Incidentally, it should be noted the Zeitouni, a French-Canadian whose father is Egyptian and mother is Belgian, seems well positioned to sell the importance of multiculturalism (or multi-stylism) for creating musical strength and building an audience.

Pianist Olga Kern played all the Rachmaninoff concertos over two nights in 2013

Pianist Olga Kern played all the Rachmaninoff concertos over two nights in 2013

Bring back the concept of the “mini-festival within the festival.” One of the glories of the summer has been past mini-festivals of Beethoven symphonies, violin concertos, and music from the holocaust. And who can forget hearing all of the Rachmaninoff piano concertos in two nights? That was both an amazing feat of musical athletics and a remarkable artistic experience. These are the kinds of themes that distinguish a festival from a subscription season.

But above all, what the festival needs now is imaginative, professional leadership. Let us all hope that with the new Music Director Jean-Marie Zeitouni working with new Executive Director Andrew Bradford, CMF has the team in place to provide just that. We need to get the trains back on schedule.

Boulder Phil launches ‘Legends’ season with a bang

By Peter Alexander

Stephen Lias in Gates or the Arctic National Park. Photo courtesy of the composer.

Stephen Lias in Gates or the Arctic National Park. Photo courtesy of the composer.

Opening night for the Boulder Philharmonic offers a real triple threat.

The concert under music director Michael Butterman, at 7 p.m. Sunday, Sept. 14, in Macky Auditorium, launches the 2014-15 season with three pieces that would each be noteworthy on any program (

The very opening piece will be the world  premiere of Gates of the Arctic, an avowedly pictorial work portraying the Gates of the Arctic National Park, written by composer Stephen Lias, who describes himself as an “adventurer/ composer.”

Gabriela Martinez

Gabriela Martinez

If that doesn’t capture your imagination, next on the program will be the Second Piano Concerto by Camille Saint-Saëns. That performance will introduce Gabriela Martinez, an emerging pianist from Venezuela whose career has been boosted by Gustavo Dudamel, the young conductor who created a sensation when he moved from Venezuela’s Simon

Charles Wetherbee

Charles Wetherbee

Bolivar Youth Orchestra to the podium of the Los Angeles Philharmonic.

And third will be Rimsky- Korsakov’s brilliant Scheherazade, which is not only a crowd-pleaser but also an

opportunity to introduce the orchestra’s new concertmaster, Charles Wetherbee, who will play the prominent violin solos throughout the score.

Read more in Boulder Weekly


Delayed but not Washed Out in Lyons

At ‘Sounds of Lyons,’ the flood of 2013 is past but not forgotten

By Peter Alexander

MinTze Wu, founder and director of Sounds of Lyons

MinTze Wu, founder and director of Sounds of Lyons

MitTze Wu is modern-day musical Molly Brown.

Brown survived the sinking of the Titanic in 1912 and came back stronger than ever. Wu and her Sounds of Lyons chamber music festival survived the flood of 2013 and have come back with a robust and eclectic series of concerts that are better than ever.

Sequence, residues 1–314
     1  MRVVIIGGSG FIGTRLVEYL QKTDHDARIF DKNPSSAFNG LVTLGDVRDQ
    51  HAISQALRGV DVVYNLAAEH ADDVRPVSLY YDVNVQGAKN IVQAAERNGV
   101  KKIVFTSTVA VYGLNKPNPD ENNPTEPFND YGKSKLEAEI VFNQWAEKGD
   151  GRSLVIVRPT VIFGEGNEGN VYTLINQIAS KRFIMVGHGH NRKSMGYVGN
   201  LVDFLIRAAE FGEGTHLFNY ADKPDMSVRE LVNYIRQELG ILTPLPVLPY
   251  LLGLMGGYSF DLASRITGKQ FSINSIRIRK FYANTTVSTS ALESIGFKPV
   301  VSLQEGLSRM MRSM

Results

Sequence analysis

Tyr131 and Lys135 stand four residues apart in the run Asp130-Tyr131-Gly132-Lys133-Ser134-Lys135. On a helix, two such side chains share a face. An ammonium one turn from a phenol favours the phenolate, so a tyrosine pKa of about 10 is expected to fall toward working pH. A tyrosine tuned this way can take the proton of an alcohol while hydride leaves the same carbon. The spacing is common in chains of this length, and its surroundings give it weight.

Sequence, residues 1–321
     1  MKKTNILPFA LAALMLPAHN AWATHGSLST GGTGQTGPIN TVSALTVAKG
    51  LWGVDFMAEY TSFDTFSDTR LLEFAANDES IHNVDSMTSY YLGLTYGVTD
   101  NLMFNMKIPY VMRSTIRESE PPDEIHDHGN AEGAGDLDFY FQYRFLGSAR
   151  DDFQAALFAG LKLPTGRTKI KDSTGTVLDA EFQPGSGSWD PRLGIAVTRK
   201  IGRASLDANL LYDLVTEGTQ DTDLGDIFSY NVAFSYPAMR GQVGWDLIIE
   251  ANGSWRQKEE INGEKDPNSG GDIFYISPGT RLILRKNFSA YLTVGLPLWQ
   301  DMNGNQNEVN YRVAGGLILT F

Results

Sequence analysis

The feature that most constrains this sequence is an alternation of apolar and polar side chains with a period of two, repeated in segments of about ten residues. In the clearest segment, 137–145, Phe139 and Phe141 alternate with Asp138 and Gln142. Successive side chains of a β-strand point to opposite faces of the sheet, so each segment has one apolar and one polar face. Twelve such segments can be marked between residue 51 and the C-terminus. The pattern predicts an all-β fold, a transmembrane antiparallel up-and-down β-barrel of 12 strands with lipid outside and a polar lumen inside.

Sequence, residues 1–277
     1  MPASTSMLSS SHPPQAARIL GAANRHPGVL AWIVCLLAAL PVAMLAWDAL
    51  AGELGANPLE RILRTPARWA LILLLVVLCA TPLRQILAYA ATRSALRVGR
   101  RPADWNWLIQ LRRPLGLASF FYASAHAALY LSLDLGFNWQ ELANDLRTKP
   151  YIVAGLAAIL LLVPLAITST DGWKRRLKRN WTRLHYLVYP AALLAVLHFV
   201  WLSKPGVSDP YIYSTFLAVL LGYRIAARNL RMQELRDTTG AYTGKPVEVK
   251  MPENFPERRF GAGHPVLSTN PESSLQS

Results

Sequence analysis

Like Brown, Wu seems to be unsinkable.

The 2014 festival will take place in various venues in Lyons Friday through Sunday, Sept. 12 through 14. This is a displacement from the usual timing of the festival in May and early June, but that slight delay is the only sign that the flood has directly affected the festival.

Indirectly, however, you could say that the flood runs through and under everything in this year’s Sounds of Lyons.

The major events of the festival maintain what has become Sounds of Lyons’ signature: three principal concerts, ranging from world music crossovers to serious classical chamber music. Surrounding the three main concert events are activities for children and families in Sandstone Park, culminating at 3 p.m. Sunday, Sept. 14, in an event titled “Celebrating Lyons II.” (For full concert programs and tickets, click here.)

“This has been the same format since the first year,” Wu says. “It will be balanced and dynamic—that’s just the way my brain works.”

Filmmaker Jem Moore

Filmmaker Jem Moore

The Saturday night concert, at 8 p.m. in Rogers Hall (4th and High streets in Lyons), is the festival’s central event, both in the order of events and emotionally in that it is the concert most directly inspired by the flood. Titled “Life True,” the performance will feature movements from string quartets by Haydn and Beethoven interspersed among four short documentary films by Jem Moore, profiling four remarkable characters in Macau, China.

“The flood is very present with everybody here in Lyons,” Wu says. “It is definitely present in the psychic space. Since I do much of the programming in exploration of what is happening in me and around me, I think the flood entered my consciousness of wanting to find strength. And for that I always, always turn to the music of Beethoven, especially the late string quartets.”

Wu likens the four films to the movements of a classical symphony or string quartet. The first film is preceded by a string quartet movement by Haydn, and then each film is followed by a carefully selected movement from a Beethoven quartet.

All four films were made in Macau, a ”special administrative region” within mainland China, similar to Hong Kong, which is right across the bay. Macau is best known for gambling, which is one of its primary sources of income, and as an offshore tax haven.

“It’s a four movement form,” Wu explains. “It goes like film, music, film, music—each film and music pair is grouped to make one large movement.

Coffee Plantation from "Life True" I

Coffee Plantation from “Life True” I